Creating Data Tables in Biology: Types & Examples

Instructor: Dominic Corsini
This lesson will introduce you to a few basic types of data tables used in biology. It contains several examples and provides the foundational knowledge for building both simple and complex data tables.

How to Collect Data

A few years back I found myself pondering how we collect data. I was aboard a ship in the middle of Lake Erie. However, I wasn't floating above the waves. I was dressed in full SCUBA gear and underneath 70 feet of water! I was a graduate student who was working on his thesis in aquatic ecology. More specifically, I was researching the fish communities that utilized Lake Erie's shipwrecks as habitat. Sound like a fun time? Of course! But no graduate student in the world ever got ahead without doing one thing very well: collecting organized data!

How do I go about it? What should my tables look like? What information should I record? All these questions floated through my mind as I floated amongst the fish. After pondering my situation for a bit, I came to a simple realization. I needed to create some tables.

Data Tables

First, let me begin by saying that data tables in biology aren't something you should be worried about or intimidated by. Tables are simply a method people use for organizing information (usually numerical) in an organized fashion. Over the past decade I've seen lots of students struggle with this skill. However, once you get comfortable with it, tables become a great organizational tool.

Ultimately the type of table you'll want to create is dictated by the data you're collecting or trying to display. Sometimes you'll see tables classified as text tables or statistical tables, but each is similar in format (basically rows and columns). The main difference is the type of data shown: text versus numbers. All data tables tend to follow this row and column format, but vary in complexity.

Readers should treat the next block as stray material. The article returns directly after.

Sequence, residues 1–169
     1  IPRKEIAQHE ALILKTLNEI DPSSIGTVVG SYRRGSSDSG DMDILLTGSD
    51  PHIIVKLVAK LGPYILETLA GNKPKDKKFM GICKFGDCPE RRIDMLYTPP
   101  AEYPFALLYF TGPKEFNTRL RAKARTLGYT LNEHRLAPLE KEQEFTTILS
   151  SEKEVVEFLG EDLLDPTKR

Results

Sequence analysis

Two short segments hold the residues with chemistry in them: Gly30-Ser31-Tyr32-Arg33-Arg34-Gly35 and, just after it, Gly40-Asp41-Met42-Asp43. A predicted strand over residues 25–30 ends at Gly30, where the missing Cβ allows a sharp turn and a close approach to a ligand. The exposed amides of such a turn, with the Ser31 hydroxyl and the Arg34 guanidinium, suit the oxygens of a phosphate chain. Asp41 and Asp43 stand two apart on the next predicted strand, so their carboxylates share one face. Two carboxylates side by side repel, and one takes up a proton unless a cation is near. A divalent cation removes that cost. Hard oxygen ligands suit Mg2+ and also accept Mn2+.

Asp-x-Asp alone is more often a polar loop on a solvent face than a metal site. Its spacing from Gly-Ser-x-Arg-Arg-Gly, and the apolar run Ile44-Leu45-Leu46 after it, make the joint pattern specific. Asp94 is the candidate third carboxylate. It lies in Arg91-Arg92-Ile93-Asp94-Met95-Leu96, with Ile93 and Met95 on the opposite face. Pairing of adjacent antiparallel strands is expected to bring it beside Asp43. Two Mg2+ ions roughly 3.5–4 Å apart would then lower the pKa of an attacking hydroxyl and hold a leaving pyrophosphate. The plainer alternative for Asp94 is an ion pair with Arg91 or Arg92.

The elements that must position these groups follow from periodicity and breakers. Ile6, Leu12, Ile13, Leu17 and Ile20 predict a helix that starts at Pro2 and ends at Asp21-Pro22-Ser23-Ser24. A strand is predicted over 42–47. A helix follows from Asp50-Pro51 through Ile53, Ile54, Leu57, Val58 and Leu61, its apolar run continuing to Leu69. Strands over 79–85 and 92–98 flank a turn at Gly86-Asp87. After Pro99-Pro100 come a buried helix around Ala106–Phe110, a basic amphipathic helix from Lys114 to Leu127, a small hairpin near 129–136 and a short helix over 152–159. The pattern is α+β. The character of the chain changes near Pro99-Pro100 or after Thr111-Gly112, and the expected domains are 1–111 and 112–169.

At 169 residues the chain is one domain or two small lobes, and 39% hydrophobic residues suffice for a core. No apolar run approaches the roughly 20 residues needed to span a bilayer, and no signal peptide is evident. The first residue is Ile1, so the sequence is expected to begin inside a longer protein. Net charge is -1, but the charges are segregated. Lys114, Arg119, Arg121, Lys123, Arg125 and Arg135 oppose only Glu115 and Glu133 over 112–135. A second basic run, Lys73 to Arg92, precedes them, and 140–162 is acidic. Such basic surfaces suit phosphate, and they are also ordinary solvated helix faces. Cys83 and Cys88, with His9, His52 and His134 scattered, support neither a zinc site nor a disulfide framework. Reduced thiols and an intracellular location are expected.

For our first example, let's pretend you're collecting data on the height of people in a classroom. In this case a simple T-chart would be a great choice for collecting and displaying your data. This type of table organizes information into two columns. The first column contains the name of your subject, and the second contains their height.

Sample t-chart
Figure 1

Another way to think about the T-chart is to consider the first column as a list of the known information (or independent variable). In the example above it's the people in your classroom. The right column is the unknown/discovered information (or dependent variable). That's the height.

Notice how I've also included the units for how I measured height (centimeters or cm). Units are really important in biological data tables. Without them, your information won't be represented clearly. So we need to make sure they're always included.

Building Complexity

T-charts are a simple way to show basic data. But what if you want to organize more complex information? For that you'll build a slightly larger table. In this example let's pretend you're testing how temperature influences the breathing rate of goldfish. We'll call one 'breath' an 'oscillation.' Just as with the example above, you still have a known item (independent variable) and an unknown (dependent variable). However, you also have to include fish on your table. So now you've got three items. How do you best show this data?

In this case a T-chart simply won't due. You have three pieces of information to display and T-charts are only effective for two. So you'll need to add more columns. In this case, one additional column will work.

Figure 2

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